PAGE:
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alex haley, alex haley roots
Associated Press

Happy Birthday, Alex Haley, Author of “Roots”

August 11, 2010
by findingDulcinea Staff
Characterized by his slow, honeyed voice, Alex Haley was one of America’s most popular oral and written storytellers. His timeless novel “Roots” illuminates and humanizes America’s era of slavery and ultimately reflects the personal mantra visible in all his work: “Find the good and praise it.”

Alex Haley’s Early Days

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Alexander Murray Palmer Haley was born on August 11, 1921, to Simon Alexander, a professor who took over the family’s business, and Bertha Palmer Haley, a music teacher. Haley’s mother passed away when he was 10 years old and the family moved from Ithaca, New York, to Henning, Tennessee, to live with relatives.

During this time Haley listened that his grandmother tell vibrant stories about their family’s ancestry. She spoke about “Kin-tay,” one of his grandfathers tracing back seven generations, whom she said was sold into slavery with other Gambian Africans in “Naplis” (Annapolis, Maryland).

Although he was considered a lax student, he graduated from high school at the age of 15. When he turned 17, he entered the U.S. Coast Guard, serving for the next 20 years. To alleviate his boredom he wrote love letters on behalf of his shipmates to send to their wives and girlfriends. He moved toward writing more professional pieces, which he submitted to magazines and newspapers, launching his writing career. Eventually, a new position was created for Haley; he was appointed chief journalist and manager for U.S. Coast Guard public relations.

Haley’s Writing

After retiring from the Coast Guard, Haley continued as a journalist, first as a writer and senior editor at Reader’s Digest. He also established the “Playboy Interview” feature, where he conversed with cultural icons including Martin Luther King Jr., Cassisus Clay (aka Muhammad Ali), Sammy Davis Jr. and Miles Davis. His interview with Malcolm X prompted the two to collaborate on “The Autobiography of Malcolm X,” which was translated into eight languages and sold over 8 million copies.

Over the course of nearly three decades, Haley’s personal journey took him through three countries in an effort to trace his maternal family back to the small Gambian village of Juffure. During this period, he became a prolific lecturer at various universities and continued to write magazine articles, sharing what he learned about his family’s history in relation to slavery.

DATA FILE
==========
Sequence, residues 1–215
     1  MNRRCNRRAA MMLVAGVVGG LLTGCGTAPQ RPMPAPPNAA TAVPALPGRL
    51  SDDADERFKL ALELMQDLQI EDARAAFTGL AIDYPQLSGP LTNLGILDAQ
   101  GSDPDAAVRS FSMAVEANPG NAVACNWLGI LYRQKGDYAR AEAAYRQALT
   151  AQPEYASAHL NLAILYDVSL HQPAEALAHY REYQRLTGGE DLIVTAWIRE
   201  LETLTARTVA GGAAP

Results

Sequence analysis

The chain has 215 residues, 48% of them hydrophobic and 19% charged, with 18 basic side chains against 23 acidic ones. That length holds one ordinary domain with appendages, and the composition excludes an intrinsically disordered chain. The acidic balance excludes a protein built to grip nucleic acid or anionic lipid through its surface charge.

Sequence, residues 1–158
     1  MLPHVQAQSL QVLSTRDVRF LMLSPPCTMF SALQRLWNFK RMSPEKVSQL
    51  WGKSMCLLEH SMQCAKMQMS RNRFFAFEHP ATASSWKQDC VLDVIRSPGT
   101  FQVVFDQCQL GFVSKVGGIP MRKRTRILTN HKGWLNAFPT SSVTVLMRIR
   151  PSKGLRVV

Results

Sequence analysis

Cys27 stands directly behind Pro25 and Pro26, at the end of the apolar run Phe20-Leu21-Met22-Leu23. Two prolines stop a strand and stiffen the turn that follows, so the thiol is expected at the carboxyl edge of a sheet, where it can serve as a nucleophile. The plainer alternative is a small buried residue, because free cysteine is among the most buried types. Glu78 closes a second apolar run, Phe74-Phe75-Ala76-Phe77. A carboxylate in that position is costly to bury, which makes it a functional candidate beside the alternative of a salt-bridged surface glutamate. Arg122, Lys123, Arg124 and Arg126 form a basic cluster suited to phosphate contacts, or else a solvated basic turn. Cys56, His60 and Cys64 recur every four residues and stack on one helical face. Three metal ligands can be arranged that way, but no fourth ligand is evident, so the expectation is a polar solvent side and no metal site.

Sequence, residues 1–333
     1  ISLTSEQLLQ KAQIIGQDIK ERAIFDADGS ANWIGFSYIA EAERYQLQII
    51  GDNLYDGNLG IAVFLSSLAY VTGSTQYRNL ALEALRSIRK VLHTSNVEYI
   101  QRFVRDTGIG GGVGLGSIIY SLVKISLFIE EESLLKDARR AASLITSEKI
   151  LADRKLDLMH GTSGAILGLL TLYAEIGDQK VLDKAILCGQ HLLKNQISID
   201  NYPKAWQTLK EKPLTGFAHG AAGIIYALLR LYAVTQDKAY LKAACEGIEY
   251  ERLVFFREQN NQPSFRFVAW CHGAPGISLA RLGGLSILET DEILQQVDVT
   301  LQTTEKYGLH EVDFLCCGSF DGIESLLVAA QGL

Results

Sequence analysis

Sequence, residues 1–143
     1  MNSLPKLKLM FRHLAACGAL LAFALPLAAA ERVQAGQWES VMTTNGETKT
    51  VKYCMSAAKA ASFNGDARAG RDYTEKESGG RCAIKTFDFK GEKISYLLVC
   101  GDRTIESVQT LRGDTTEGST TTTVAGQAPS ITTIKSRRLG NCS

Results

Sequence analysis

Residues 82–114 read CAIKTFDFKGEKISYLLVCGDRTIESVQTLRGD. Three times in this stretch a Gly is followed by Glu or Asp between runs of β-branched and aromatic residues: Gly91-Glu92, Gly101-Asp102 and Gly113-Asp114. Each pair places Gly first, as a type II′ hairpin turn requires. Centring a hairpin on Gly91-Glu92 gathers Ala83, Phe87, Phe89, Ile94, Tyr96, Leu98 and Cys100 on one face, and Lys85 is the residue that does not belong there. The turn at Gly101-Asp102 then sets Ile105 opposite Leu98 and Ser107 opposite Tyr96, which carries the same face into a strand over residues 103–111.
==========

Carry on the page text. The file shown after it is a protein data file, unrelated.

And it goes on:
His genealogical research culminated in 1976 with the publication of “Roots: The Saga of an American Family,” a portrayal of his ancestors’ passage into slavery from their home in West Africa, and their struggle for freedom.

The Pulitzer Prize-winning novel was adapted into a television miniseries, which aired eight nights in a row and drew over 80 million viewers. “Roots” was an overnight phenomenon and is considered to be “a potentially important bench mark in U.S. race relations,” wrote Time.

The Controversy Over “Roots”

The authenticity of “Roots” has been repeatedly questioned, and Haley’s reputation has suffered. In 1978, Haley was sued by author Harold Courlander, who claimed that Haley had plagiarized 81 passages from Courlander’s 1967 book “The African.” Haley admitted to unknowingly using several passages and settled for $650,000.

Research by historians and genealogists have found Haley’s narrative to be historically inaccurate. Elizabeth Shown Mills and Gary B. Mills, writing in a 1984 issue of National Genealogical Society Quarterly, presented several significant errors, including that slave purported to be Kunta Kinte died more than 20 years before the birth of Kizzy, his daughter in the novel.

In 1993, a year after Haley’s death, Philip Nobile of the Village Voice examined Haley’s archives and found evidence that he had fabricated the events in “Roots.” “Beyond the plagiarism and the massive perjury to cover it up, Roots as Haley well knew was a hoax, a literary painted bird, a Piltdown of genealogy, a pyramid of bogus research,” Nobile wrote.

Despite the criticism, many reviewers still find that “Roots” has value for its significant impact on American culture. “No doubt that during an important period in our history, Roots helped give white Americans sympathy for what black Americans had suffered in bondage,” wrote Harvard professor Richard Marius. “Unfortunately, the book will be remembered as a phenomenon of popular culture rather than as a serious and enduring study of black history.”

Haley’s Death

Following the success of “Roots,” Haley starting working on the story of his paternal grandmother, Queen. But before he could finish the work, on Feb. 11, 1992, Alex Haley died of a heart attack in Seattle. “Queen” was completed by Australian writer David Stevens and made into a miniseries.

Following his death, his farm in Clinton, Tenn., was sold to Marian Wright Edelman’s Children’s Defense Fund, and still exists as a training and retreat center for youth workers. His legacy continues, the stories he shared are just as relevant today as the words he left behind: “We all suffer. If a man’s wise, he learns from it.”
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